Contact: Annette Trinity-Stevens
Montana State University

Bozeman, MT–John Priscu has given presentations about his work in Antarctica under all kinds of conditions. He’s chatted with members of the National Science Board while standing on a glacier. He’s conducted media interviews via satellite from a wind-blown tent in the Antarctic Dry Valleys. And he’s lectured, in English, to foreign audiences around the world.

But he’s never had to talk with his hands, as he has been asked to do in San Francisco this Saturday (Feb. 17) during the annual meeting of the American Association for the Advancement of Science.
Meeting organizers, fearful of rolling blackouts in California’s ongoing energy crisis, have asked the scientists to be ready to talk without the help of PowerPoint presentations, slide projectors, overheads or any other device requiring electricity. Presumably that means overhead lights as well.
“I can’t give a talk like this with my hands,îPriscu, a professor of ecology at Montana State University-Bozeman, protested about a week before leaving for San Francisco.

Indeed, the AAAS annual meeting is one of the nation’s largest scientific gatherings. Several hundred journalists attend the week-long affair, more than any other scientific meeting, to cover topics ranging from autoimmune disease in women to the mathematics of Congressional apportionments. Many of the speakers are invited owing to their novel ideas about science.

Priscu was asked to recap two major discoveries of “life in the ice”during a session on science at the Earth’s poles. The first discovery came in 1998 when Priscu’s team reported finding microbes thriving six feet deep in frozen lakes in the Antarctic Dry Valleys.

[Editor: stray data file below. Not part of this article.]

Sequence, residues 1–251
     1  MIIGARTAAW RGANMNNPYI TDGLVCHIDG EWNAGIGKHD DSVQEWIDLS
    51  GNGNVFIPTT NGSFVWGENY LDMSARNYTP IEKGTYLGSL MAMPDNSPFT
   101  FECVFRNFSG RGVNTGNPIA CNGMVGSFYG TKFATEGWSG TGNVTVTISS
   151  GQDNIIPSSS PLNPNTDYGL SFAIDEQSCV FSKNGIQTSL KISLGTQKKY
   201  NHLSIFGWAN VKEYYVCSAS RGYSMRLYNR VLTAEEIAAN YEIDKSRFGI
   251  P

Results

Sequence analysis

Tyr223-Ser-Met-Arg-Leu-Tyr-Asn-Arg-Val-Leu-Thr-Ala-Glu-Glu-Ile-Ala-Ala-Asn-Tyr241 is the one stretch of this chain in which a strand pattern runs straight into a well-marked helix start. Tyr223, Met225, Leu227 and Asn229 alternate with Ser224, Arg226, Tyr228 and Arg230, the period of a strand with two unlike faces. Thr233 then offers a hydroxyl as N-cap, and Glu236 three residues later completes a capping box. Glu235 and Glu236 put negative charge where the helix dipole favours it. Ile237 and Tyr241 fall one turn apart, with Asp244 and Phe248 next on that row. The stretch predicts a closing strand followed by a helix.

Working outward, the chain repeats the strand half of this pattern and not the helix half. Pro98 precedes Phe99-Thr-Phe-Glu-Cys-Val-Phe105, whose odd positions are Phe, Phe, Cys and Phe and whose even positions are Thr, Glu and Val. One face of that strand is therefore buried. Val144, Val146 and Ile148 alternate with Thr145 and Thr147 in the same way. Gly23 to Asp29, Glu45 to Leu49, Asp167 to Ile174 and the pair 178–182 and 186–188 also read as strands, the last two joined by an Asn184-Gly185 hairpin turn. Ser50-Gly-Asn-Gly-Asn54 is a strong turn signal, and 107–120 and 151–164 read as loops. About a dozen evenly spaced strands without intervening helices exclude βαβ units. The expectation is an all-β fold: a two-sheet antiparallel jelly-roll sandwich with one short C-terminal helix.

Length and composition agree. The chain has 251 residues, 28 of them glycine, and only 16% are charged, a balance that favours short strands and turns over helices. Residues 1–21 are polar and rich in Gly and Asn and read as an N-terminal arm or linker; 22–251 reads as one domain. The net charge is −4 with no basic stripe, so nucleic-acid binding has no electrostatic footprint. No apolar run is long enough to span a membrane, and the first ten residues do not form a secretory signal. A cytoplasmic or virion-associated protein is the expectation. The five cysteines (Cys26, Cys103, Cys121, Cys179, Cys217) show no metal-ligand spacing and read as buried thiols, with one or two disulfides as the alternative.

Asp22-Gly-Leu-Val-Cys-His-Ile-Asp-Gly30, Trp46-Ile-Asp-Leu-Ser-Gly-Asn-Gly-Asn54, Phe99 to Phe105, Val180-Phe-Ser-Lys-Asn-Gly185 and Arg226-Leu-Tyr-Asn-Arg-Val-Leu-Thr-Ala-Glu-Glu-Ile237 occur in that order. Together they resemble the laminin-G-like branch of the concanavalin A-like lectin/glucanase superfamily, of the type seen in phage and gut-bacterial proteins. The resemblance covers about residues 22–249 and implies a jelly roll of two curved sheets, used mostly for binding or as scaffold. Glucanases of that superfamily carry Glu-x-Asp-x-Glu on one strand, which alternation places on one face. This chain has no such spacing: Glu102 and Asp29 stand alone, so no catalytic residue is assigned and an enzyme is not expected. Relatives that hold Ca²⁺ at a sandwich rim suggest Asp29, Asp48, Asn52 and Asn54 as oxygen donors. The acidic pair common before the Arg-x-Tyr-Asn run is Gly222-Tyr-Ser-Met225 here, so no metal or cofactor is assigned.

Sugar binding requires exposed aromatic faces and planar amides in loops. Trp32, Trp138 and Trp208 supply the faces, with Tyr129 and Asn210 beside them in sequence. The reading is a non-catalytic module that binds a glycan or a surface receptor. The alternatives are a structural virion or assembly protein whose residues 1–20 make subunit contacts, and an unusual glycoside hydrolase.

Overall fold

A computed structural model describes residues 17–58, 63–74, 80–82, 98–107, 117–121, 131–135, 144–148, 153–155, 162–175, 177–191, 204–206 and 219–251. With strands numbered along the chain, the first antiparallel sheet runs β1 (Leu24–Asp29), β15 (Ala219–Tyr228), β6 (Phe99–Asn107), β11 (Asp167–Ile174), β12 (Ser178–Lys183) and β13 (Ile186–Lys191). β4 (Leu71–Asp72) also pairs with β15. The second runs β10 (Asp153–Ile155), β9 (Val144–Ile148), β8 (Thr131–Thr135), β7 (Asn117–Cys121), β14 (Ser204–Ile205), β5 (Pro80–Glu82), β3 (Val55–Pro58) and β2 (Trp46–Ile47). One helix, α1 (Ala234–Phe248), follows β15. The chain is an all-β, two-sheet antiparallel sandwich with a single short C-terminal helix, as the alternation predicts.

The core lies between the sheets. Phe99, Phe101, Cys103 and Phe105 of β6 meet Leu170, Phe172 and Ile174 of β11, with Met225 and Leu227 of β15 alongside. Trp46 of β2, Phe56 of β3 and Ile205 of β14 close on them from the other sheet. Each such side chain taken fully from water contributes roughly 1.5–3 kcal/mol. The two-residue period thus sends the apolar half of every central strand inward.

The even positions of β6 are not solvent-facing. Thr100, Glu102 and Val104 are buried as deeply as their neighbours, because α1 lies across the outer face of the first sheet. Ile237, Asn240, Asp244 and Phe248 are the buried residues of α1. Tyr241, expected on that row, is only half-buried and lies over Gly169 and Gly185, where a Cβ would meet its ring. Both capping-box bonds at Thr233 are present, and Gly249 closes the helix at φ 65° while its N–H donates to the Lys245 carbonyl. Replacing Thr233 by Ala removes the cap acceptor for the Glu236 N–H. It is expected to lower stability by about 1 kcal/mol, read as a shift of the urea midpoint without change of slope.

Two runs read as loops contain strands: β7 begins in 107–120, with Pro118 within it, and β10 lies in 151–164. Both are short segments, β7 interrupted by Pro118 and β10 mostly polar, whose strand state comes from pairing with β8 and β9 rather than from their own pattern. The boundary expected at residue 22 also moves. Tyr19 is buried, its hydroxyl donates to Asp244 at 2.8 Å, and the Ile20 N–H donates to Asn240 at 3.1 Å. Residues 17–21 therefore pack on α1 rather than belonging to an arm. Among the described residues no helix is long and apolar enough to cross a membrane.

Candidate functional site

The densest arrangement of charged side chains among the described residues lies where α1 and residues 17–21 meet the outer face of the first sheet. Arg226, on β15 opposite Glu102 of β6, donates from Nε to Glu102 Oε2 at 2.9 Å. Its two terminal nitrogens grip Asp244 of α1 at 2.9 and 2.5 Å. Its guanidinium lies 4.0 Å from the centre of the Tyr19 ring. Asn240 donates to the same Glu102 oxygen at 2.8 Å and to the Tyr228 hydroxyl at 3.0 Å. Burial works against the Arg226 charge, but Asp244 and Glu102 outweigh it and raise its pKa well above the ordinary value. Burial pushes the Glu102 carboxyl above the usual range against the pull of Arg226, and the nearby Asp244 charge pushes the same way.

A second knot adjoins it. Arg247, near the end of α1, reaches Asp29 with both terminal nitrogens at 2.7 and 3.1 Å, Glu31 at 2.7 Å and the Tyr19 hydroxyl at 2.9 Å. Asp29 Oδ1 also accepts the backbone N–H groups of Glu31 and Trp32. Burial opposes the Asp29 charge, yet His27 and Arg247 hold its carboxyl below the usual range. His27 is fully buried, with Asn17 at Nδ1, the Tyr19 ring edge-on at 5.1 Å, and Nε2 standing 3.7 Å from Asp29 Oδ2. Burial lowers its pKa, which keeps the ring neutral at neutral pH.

The second came last year. Priscu’s team found bacteria in an ice core drilled from deep within the East Antarctic ice sheet above Lake Vostok. The lake is a subglacial body of water the size of Lake Ontario. The microbes were trapped in ice about 11,800 feet below the surface of the ice sheet and about 495 feet above the lake.

Both discoveries were published in the journal Science and widely reported around the world.
Priscu also hopes to convince scientists that they should revise their thinking about the boundaries for life on the planet to include deep ice.

“We strongly believe that microbes live in and under the two- to four-kilometer thick Antarctic ice sheet and contribute to the global carbon cycle,” Priscu said. “Our next major task is to prove this.”

The work is analogous, Priscu has said, to studies aimed at discovering life on Mars and Jupiter’s icy moon Europa. Astrobiology, or the search for life on other planets, is a hot topic now and is driving much of the public interest in discoveries like the ones in Antarctica, Priscu said, although that focus is only a small part of his work.

Priscu’s hunt for life in Antarctic ice will continue, a job that includes no shortage of scientific committee assignments. In one, he will advise the National Academy of Sciences on the international status of the United States in Antarctica. The U.S. is one of 26 Antarctic Treaty Nations currently exploring the bottom-most continent.


In another, he will co-convene an international group of experts interested in sampling the water from Lake Vostok without contaminating it–a feat for which the right technology doesn’t yet exist. Closer to home, Priscu teaches both undergraduate and graduate students, maintains an active, well-funded laboratory and plays in a local rock band.

When the responsibilities start to add up, he remembers the advice of a colleague, shared whilst the two were working on Lake Baikal in eastern Siberia some years ago: “You can sleep when you are dead,”the Russian said.

He could also sleep if the lights go out in San Francisco.

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